DIY Your Log Home Restoration: Three Repairs You Can Do Yourself Easily
by Connor Pena
Log homes, while beautiful and charming, often require quite a bit of upkeep. If you recently purchased a log home but knew that it was a bit of a "fixer upper" you are in for a log home restoration treat. Here are three repairs you can do yourself on your log home to restore it to its near-original glory.
Waterproofing the Logs
Your "new" home is wrapped in dozens of old, harvested tree trunks. Because these tree trunks are no longer connected to their roots, they weather very quickly. Log cabin logs, even modern ones, can quickly turn from a warm brown hue to the color of driftwood if not cared for properly. To waterproof and weather-proof the logs on your home, use a deck or outdoor wood sealant. You can even use a spray paint gun to uniformly apply the sealant to the vertical walls of your home. Be sure to make more than one pass across the logs and let the sealant dry in between coats.
Pitching and Tarring
Log homes rely on two things to keep them together and keep them erect:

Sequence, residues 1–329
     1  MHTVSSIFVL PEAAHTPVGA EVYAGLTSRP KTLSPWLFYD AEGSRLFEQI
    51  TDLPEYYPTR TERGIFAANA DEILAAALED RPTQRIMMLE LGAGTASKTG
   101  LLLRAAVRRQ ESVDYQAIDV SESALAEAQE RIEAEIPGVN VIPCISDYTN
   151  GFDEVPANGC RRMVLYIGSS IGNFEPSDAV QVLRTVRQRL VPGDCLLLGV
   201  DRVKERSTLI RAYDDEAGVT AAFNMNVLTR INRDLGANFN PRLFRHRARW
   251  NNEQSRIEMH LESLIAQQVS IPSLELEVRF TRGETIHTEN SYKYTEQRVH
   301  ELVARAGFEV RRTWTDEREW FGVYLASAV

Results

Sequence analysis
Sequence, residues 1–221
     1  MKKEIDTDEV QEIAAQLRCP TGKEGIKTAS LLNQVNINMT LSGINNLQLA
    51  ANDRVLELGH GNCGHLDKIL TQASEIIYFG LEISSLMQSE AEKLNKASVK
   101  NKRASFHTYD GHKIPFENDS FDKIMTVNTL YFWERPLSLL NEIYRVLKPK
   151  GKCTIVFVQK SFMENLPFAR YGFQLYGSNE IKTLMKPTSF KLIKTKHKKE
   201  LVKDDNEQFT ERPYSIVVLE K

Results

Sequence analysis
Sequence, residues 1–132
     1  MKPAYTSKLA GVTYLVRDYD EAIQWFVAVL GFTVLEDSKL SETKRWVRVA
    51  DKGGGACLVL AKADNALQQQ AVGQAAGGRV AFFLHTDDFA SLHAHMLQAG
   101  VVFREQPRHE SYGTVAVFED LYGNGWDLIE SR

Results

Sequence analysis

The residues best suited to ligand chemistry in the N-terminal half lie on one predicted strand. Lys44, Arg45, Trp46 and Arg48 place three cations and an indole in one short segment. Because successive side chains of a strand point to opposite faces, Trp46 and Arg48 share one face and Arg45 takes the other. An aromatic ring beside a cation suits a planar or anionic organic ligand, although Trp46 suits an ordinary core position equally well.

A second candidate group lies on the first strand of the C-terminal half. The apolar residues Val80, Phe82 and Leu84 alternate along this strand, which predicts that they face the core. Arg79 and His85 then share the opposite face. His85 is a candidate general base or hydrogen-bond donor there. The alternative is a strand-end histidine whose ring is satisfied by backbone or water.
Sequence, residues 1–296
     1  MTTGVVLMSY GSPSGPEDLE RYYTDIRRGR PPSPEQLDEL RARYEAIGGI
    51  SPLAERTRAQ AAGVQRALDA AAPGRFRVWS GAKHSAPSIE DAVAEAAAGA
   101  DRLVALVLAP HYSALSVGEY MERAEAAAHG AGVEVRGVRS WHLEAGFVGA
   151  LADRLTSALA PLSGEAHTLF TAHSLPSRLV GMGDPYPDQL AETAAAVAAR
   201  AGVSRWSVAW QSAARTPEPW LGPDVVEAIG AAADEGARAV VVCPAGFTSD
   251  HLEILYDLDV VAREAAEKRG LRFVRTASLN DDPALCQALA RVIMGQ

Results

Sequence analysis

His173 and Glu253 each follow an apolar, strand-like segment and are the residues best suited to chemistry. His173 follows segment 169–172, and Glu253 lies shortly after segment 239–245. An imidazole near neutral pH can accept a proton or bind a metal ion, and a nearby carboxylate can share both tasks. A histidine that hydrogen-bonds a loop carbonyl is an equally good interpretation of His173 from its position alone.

Notched stacking, just like your set of toy wooden logs you probably had as a kid.
Pitching and tarring, which is the use of tar and/or pitch to fill the gaps between the logs and secure them together like hot melt glue. The tar and/or pitch also acts as a termite deterrent, since termites are less likely to chew through something that tastes like asphalt just to get to the wood they enjoy.
You can buy buckets of tar/pitch at some of the larger hardware and home remodeling stores. In a tight pinch, you could also use asphalt crack sealer, which is made of some of the same stuff used to fill the cracks in between your home's logs.
Replacing Damaged Logs
If you have an exterior wall that has partially collapsed because of a natural disaster or because it is so old and damaged it could not maintain its position anymore, then it will probably need new logs. While you can certainly order fresh new logs for your home from a log home company, you could also find some on your property to use (if they are the right diameter and length as the logs you need to replace). You will also need extra supports to keep the other adjoining walls from toppling before you can replace the damaged logs, a small crane with a log claw, and probably a few extra helping hands too.